US senators on Tuesday struck a deal to create a one-time law allowing Democrats to lift the nation’s borrowing authority and avert a credit default without requiring votes from Republicans.
The US House of Representatives approved the fix in an evening vote and it is expected to be approved by the US Senate in the next few days, allowing lawmakers to avert the crisis with a simple 51-vote majority in the upper chamber.
The Bipartisan Policy Center last week said that it expected the US would no longer be able to meet its debt repayment obligations between Dec. 21 and Jan. 28.
US Secretary of the Treasury Janet Yellen has put the deadline even earlier — Wednesday next week.
“Nobody wants to see the US default on its debts,” Senate Majority Leader Chuck Schumer said on the floor of the chamber. “As Secretary Yellen has warned, a default could eviscerate everything we’ve done to recover from the COVID[-19] crisis.”
“We don’t want to see that, I don’t believe we will see that, and I continue to thank all my colleagues for cooperating in good faith to preserve the full faith and credit of the United States,” Schumer said.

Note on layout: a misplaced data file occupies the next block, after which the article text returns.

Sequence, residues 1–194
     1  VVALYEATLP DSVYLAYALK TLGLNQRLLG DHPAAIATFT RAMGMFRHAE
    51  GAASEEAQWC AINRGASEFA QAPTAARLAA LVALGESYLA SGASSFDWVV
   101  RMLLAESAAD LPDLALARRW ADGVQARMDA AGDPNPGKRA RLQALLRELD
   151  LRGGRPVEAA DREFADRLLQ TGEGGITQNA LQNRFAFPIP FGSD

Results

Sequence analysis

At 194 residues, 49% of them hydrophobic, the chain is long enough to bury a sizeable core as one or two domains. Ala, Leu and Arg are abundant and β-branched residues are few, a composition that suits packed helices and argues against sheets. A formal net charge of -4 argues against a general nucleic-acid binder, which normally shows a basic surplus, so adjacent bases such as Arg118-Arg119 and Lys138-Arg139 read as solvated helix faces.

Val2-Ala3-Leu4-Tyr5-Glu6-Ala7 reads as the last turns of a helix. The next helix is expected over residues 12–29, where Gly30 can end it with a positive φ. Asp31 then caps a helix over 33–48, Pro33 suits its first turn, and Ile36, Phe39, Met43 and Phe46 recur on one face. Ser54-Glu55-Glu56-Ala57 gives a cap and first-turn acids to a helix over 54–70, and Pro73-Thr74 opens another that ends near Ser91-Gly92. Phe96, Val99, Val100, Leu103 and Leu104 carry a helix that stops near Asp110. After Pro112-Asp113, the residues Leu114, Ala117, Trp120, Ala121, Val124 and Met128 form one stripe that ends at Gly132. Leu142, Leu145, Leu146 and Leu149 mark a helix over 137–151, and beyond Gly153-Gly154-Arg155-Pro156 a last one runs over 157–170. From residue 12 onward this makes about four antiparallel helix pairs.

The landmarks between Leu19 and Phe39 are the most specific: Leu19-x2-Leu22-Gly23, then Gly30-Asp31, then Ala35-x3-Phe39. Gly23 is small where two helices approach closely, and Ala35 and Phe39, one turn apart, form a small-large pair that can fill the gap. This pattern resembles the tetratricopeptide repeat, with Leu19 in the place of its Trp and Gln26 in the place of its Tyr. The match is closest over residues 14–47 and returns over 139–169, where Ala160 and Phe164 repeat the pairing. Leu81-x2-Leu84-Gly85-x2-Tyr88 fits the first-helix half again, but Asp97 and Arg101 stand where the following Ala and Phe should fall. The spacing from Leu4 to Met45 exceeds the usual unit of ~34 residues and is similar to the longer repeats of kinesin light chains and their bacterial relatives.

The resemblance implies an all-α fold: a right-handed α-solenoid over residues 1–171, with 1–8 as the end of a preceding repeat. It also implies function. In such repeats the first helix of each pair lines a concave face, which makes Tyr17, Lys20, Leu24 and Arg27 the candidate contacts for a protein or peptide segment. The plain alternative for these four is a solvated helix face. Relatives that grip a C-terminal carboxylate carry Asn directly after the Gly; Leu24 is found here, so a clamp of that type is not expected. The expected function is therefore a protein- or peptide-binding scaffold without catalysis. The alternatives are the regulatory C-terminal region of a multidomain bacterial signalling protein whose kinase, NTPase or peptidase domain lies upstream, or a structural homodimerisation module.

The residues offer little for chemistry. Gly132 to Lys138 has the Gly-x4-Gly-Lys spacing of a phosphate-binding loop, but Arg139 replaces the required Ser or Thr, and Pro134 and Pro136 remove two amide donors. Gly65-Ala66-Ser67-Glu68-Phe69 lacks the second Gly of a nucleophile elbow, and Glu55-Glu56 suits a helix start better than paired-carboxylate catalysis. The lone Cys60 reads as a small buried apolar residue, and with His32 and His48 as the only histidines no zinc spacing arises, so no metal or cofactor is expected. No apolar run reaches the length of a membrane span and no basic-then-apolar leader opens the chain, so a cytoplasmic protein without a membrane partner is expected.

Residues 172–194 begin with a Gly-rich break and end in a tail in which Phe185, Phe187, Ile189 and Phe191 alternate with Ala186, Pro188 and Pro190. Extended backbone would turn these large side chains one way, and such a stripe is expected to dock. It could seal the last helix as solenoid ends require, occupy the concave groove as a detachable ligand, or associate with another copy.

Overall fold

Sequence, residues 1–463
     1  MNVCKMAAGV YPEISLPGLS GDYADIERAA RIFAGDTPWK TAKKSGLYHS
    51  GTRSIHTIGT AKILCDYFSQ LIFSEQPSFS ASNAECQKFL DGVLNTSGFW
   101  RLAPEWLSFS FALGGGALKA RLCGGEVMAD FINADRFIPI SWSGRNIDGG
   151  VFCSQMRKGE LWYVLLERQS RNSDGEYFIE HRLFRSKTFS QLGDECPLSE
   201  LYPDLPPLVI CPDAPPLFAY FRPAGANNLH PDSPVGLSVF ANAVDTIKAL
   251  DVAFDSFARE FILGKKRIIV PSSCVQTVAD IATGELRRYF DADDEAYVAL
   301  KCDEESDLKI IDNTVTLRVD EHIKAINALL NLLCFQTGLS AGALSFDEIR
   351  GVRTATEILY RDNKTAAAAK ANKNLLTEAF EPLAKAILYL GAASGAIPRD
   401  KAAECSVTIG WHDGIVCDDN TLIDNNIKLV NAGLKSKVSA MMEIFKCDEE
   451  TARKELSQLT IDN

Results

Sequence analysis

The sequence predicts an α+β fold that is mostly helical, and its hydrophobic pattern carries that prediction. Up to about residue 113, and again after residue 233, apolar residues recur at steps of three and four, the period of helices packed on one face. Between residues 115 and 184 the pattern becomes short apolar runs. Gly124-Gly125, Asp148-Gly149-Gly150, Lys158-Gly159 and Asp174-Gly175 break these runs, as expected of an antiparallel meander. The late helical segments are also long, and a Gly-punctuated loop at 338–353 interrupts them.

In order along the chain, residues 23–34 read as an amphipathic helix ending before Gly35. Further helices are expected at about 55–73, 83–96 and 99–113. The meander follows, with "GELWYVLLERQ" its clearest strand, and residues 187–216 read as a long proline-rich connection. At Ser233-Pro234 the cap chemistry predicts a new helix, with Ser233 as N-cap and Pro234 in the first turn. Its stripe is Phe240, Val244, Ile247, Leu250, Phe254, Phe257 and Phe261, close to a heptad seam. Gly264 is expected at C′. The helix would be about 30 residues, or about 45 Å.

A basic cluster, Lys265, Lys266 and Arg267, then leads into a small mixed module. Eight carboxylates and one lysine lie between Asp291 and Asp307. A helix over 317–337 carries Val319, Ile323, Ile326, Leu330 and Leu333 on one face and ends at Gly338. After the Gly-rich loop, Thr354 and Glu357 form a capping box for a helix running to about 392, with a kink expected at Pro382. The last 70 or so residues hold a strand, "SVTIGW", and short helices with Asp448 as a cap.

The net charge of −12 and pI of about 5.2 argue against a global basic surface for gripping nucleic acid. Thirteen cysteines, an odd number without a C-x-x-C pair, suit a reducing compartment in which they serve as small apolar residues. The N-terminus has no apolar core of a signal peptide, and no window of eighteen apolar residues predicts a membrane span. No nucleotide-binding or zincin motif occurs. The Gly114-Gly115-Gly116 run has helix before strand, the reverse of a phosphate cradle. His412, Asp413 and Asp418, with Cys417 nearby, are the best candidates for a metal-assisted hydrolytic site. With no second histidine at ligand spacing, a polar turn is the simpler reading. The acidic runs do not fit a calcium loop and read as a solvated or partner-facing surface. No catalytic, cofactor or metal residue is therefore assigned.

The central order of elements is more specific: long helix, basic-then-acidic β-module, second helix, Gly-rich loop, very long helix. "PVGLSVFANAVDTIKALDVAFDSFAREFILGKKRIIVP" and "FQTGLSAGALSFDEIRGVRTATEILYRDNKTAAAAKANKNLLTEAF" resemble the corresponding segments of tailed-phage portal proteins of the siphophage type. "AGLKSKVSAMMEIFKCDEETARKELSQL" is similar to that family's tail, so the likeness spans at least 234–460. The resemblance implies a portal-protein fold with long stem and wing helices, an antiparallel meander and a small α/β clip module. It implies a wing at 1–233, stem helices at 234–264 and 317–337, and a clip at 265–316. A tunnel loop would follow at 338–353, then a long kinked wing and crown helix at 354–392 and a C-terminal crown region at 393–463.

The US spends more money than it collects through taxation, so it borrows money via the issuing of government bonds, which are seen as among the world’s most reliable investments.
About 80 years ago, lawmakers introduced a limit on how much federal debt could be accrued.
The ceiling has been lifted dozens of times to allow the government to meet its spending commitments and stands at about US$29 trillion.
Democratic leaders have spent weeks underlining the havoc that a default would have wrought, including the loss of an estimated 6 million jobs and US$15 trillion in household wealth, as well as increased costs for mortgages and other borrowing.
However, Republicans in both chambers of Congress initially objected to helping raise the limit this time, saying that they refused to support US President Joe Biden’s “reckless” taxing and spending plans.
Under the complex, multi-step compromise proposed on Tuesday, the Republicans can essentially stand on the sidelines, offering help to create the new law, but offering no votes to increase the limit.
Congress would have to specify the exact dollar amount of a new borrowing cap — likely upward of US$30 trillion.
After the Senate has followed the House in approving the new process, both chambers are expected to pass the extension by simple majority votes ahead of the deadline.
Senate Minority Leader Mitch McConnell is backing the process.
“I think this is in the best interest of the country, by avoiding default,” McConnell told reporters when questioned about the convoluted approach.
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